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Discussion Starter #1
What would be the low end if safe temperature for a full hive inspection? Today started out near 40F and is predicted to go up into the low 60F for a high. I'd like to go full through the hives to check brood and stores prior to prepping for winter and start an OAV treatment by months end. I'm concerned about causing chill brood as I would suspect my winter bees in being laid around now. We're still more that a month of but will be skating into the upper 30's at time going forward. Thursday is predicted to hit 80-should I wait? Still have supers on te hives building comb and honey stores
 

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You are absolutely fine at 60. If needed, you can pull brood frames at 40 but keep them covered with the attached bees and put it back in hive or a quiet box quickly. I wouldn't do it unless I had to and if it is not windy.
This late in the season can be disastrous if you kill the queen. A better approach is to do this earlier. However, I am late myself so will be doing my final inspection and possible reconfiguration next week.
Have a plan. Do not pull frames unless you need to move them. You can see what you need to by looking between the frames. If you need to, tip the box to see lower part of frames. You can get a good view by pulling an outside frame and separating the frames while they remain in the box. J
 

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LarryBud,

In the spring I wait until the temp hits 55 before I do my first inspection. Is that enough info for you?

I've a done most of my fall prep for the winter last week. Do any condensing that is necessary now. Or just leave them alone and let them do it.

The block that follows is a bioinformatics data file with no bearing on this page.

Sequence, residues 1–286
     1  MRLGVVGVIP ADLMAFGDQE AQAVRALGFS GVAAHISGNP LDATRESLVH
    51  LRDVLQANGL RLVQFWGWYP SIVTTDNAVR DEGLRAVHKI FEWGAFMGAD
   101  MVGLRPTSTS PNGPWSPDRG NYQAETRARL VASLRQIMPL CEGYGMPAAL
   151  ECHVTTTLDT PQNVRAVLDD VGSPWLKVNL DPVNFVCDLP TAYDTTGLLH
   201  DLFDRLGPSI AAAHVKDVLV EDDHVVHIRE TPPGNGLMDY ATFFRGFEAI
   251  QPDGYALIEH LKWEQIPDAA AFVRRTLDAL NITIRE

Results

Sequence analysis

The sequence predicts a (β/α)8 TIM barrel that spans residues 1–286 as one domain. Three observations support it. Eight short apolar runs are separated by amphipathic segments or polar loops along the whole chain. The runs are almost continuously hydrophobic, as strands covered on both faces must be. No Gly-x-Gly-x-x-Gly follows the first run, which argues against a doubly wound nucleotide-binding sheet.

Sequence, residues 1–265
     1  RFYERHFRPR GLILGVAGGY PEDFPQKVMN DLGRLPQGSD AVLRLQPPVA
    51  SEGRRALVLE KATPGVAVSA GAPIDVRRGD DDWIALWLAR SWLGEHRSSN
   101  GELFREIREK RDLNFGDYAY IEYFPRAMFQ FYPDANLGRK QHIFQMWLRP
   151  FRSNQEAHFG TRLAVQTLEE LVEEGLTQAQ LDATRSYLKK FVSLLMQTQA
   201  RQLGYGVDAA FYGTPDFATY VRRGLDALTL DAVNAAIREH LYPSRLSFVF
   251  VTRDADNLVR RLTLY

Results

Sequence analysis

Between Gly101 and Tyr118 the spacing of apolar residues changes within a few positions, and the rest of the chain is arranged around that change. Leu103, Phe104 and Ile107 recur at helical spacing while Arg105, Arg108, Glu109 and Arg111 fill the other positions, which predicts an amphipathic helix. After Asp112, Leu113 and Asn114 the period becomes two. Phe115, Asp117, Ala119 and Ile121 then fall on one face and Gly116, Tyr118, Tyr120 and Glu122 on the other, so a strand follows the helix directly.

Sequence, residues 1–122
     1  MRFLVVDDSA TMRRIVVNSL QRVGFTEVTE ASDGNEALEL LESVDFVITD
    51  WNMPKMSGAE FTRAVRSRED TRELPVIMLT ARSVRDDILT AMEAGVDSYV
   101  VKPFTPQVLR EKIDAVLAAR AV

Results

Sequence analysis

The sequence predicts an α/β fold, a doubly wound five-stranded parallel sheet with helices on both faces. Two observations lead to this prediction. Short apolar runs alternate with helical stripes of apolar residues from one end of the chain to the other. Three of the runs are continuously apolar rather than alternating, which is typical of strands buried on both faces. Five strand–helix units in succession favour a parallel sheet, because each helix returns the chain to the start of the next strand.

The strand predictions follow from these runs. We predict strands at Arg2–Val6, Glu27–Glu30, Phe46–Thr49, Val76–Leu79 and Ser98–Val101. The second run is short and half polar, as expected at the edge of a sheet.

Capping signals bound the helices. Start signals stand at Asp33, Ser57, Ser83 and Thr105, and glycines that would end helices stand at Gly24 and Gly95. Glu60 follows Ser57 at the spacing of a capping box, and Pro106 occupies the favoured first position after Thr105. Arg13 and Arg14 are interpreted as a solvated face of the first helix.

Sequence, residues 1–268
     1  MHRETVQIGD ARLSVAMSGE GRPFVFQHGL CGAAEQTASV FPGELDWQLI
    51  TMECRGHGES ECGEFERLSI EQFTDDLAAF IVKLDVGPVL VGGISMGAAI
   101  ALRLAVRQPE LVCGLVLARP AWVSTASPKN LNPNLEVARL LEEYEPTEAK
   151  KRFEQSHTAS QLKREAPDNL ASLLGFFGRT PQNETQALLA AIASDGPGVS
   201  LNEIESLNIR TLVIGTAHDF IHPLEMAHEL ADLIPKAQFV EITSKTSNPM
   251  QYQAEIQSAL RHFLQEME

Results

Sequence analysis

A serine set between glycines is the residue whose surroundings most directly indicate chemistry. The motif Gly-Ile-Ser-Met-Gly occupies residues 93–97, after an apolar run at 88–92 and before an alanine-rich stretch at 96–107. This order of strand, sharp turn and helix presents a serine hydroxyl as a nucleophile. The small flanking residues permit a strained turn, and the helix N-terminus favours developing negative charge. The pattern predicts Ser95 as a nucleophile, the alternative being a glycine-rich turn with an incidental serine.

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60+ is always good for me, I try to avoid going in when its lower, but 55 would be okay if it was a quick inspection. The fewer frames removed the better!
 

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The right question is how little time I can spend doing the equivalent of heart surgery on this colony! Time is more important than temperature and finding eggs and healthy capped brood takes less than half a minute. I don't want to be in the brood chamber if it is windy and less than mid fifties. Full inspections for rookies tend to be grand epic cleaning up frames/ destroying the bees roads and bridges and a full photo coffee table book layout of both sides of all frames. Do not do that in the times of the year with questionable weather. Bees need to maintain that brood at 93-97 degrees and 40% humidity. Do your full inspection when ambient conditions mirror those figures.
 

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Discussion Starter #6
I'm holding off for a few more days-it should be upper 70's/low 80's. Not sure if we'll see a repeat in warmth any time soon after any way. I'm not doing a nuts and bolts inspection but probably the last inside look-see until spring I guess. If something needs attention, I'll do what it needs but at this point, I'll assume the girls already have done what needs to be done. I'm figuring we still have a 4 to 6 week until first frost and they're in the middle of a strong flow. Just doing my best to get them set up and through the winter.
 

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Discussion Starter #7
Well, we hit 82 F today and I went for it. 24 days since the Formic Pro treatment and everything looks pretty good, no sign of DFW, saw three full frames of brood, capped and uncapped (only pulled in the center of the brood boxes) and the ends are loaded with honey and pollen on both deeps of each hive. Huge populations-apparently my Queens think it's April with the current fall flow.

It appears the Formic did it's job and both colonies looked great. The population has built up since the initial die off from the FA and I've got full comb coverage in the brood boxes and on three supers on the one hive with full new comb almost completed on a fourth added (to allow for brood expansion) during the Formic treatment. The other hive was not impacted as badly but was treated and has two capped supers and a third (added for the formic) being built out-looks like a good fall harvest. I have some other questions on winter prep that I'm going to start in another thread. And no, I did not clean up frames and passages, left as much as I could as it was. Thanks for the help!
 

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Just a tip. If it is cold and you really do have a need to check on them to quickly check on brood or hive strength, add a pollen patty, add or remove Apivar strips, or whatever, remember that you can always just tip the box up on the lower front or back edge and inspect the frames from underneath or whatever it is you need without breaking the cluster.
 
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